Cobalt is a key material in the manufacturing of lithium-ion batteries and various other industrial products. The rapid growth of electric vehicles and large-scale battery storage applications is expected to drive increasing demand for cobalt – and with it, greater price risk for the industry.

Cobalt prices have shown persistent volatility in the past, driven by changing supply and demand factors impacted by the growing electric vehicle (EV) sector. This can present problems for both sellers and buyers of cobalt as projects and profits are affected by price changes.

Introducing Cobalt Metal (Fastmarkets) futures

Cobalt Metal (Fastmarkets) futures, from CME Group, offer an effective mechanism to hedge the price risk of cobalt. Derivatives, like the Cobalt futures, are financial instruments whose prices move in line with the prices of their underlying product. By hedging with futures, both buyers and sellers can protect themselves from adverse price movements which negatively affect their profit margins.

Hedging example

In early October, a cobalt refiner agrees to sell 20 tons of standard-grade cobalt metal to an original equipment manufacturer (OEM) for December delivery at the prevalent Fastmarkets December average price. The refiner is now faced with the risk of falling prices when it comes time to sell the standard-grade cobalt metal to the OEM.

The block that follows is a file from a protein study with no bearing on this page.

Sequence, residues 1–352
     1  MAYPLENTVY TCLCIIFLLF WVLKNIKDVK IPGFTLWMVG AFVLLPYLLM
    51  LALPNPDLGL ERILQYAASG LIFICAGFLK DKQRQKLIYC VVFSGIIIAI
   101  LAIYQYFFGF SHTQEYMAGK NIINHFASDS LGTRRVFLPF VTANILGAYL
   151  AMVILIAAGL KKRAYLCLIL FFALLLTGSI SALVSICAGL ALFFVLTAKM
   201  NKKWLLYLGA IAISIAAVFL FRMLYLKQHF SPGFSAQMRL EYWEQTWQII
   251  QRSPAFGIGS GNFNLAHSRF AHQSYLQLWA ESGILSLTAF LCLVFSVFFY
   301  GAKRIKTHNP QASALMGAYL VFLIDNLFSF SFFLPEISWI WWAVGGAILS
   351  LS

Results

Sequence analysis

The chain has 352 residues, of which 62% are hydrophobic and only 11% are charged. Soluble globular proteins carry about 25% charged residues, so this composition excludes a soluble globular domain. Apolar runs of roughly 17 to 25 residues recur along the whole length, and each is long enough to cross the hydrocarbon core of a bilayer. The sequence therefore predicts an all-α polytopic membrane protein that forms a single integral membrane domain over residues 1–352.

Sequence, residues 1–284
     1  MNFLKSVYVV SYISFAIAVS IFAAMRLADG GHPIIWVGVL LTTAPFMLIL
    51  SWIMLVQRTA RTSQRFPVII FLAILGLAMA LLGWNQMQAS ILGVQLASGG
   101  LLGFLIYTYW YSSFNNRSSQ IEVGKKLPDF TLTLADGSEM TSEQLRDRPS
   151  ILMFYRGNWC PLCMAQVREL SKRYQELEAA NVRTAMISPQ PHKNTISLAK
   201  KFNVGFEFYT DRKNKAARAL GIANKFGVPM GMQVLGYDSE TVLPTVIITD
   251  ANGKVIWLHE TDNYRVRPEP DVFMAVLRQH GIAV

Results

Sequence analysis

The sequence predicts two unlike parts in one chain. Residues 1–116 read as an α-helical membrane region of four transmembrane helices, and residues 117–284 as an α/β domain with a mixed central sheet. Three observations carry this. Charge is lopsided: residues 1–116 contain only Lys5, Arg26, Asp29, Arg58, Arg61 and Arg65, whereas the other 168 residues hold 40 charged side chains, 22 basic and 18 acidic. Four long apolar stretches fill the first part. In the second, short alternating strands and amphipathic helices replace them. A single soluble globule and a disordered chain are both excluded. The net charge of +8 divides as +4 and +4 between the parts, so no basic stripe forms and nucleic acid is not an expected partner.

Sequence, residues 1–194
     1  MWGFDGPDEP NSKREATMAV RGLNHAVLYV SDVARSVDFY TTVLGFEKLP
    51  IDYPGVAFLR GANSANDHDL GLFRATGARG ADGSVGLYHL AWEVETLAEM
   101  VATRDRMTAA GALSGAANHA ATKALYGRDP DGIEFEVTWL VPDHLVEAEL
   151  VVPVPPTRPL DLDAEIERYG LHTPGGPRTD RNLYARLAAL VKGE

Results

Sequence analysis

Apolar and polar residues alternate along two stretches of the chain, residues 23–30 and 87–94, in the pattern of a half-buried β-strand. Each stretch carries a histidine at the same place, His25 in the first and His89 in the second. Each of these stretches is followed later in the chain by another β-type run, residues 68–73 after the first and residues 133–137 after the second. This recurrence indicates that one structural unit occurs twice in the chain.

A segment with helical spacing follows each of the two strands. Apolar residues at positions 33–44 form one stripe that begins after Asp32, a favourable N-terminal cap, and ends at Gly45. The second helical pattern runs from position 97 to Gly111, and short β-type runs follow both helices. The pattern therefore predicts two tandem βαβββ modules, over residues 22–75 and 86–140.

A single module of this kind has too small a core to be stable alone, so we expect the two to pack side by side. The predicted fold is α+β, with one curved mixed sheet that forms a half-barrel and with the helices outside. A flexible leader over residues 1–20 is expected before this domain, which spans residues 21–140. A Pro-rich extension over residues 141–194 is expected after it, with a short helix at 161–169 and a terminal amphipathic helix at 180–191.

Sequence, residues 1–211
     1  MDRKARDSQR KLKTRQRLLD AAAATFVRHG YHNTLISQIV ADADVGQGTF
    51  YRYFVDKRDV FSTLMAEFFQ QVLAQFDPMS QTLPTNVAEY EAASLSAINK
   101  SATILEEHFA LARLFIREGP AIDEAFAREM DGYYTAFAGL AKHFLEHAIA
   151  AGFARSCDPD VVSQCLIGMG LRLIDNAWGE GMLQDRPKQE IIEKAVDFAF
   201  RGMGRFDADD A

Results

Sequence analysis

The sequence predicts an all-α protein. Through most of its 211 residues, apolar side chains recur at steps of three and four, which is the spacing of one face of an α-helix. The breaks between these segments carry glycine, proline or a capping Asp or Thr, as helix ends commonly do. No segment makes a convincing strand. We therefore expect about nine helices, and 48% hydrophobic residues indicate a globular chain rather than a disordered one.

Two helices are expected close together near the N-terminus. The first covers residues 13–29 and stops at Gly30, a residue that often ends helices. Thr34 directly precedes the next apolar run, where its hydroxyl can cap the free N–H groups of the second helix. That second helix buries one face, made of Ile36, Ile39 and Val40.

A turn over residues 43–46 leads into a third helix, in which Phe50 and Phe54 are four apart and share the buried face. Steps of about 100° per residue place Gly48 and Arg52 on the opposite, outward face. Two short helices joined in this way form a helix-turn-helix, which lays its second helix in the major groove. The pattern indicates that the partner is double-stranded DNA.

To hedge its risk on this forward sale, the refiner can sell 20 December futures contracts at the price currently available in the market. Should the price in the physical market drop between October to December, the lower selling price to the OEM will be offset by a gain in the futures market. For the seller of a futures contract, like the refiner, the futures position shows a gain when the final price of the contract is below the initial selling price. 

On the other hand, if the cobalt market rallies, any benefit from a higher physical selling price is offset by a loss in the futures position. Regardless of the market direction, hedging with Cobalt futures locks in a selling price for the refiner ‒ netting the physical sale and financial gains or losses on the futures. It is important to note that by hedging, a company is trying to mitigate risk, not make additional profit through speculation. Therefore, if properly hedged, adverse and favorable price fluctuations will net the same result.

Cobalt futures are available to trade through your bank, broker, or electronically nearly 24 hours a day.

The future is unknown. Cobalt futures allow those involved in the purchase or sale of cobalt to manage their price risk. To learn more about Cobalt futures, please visit

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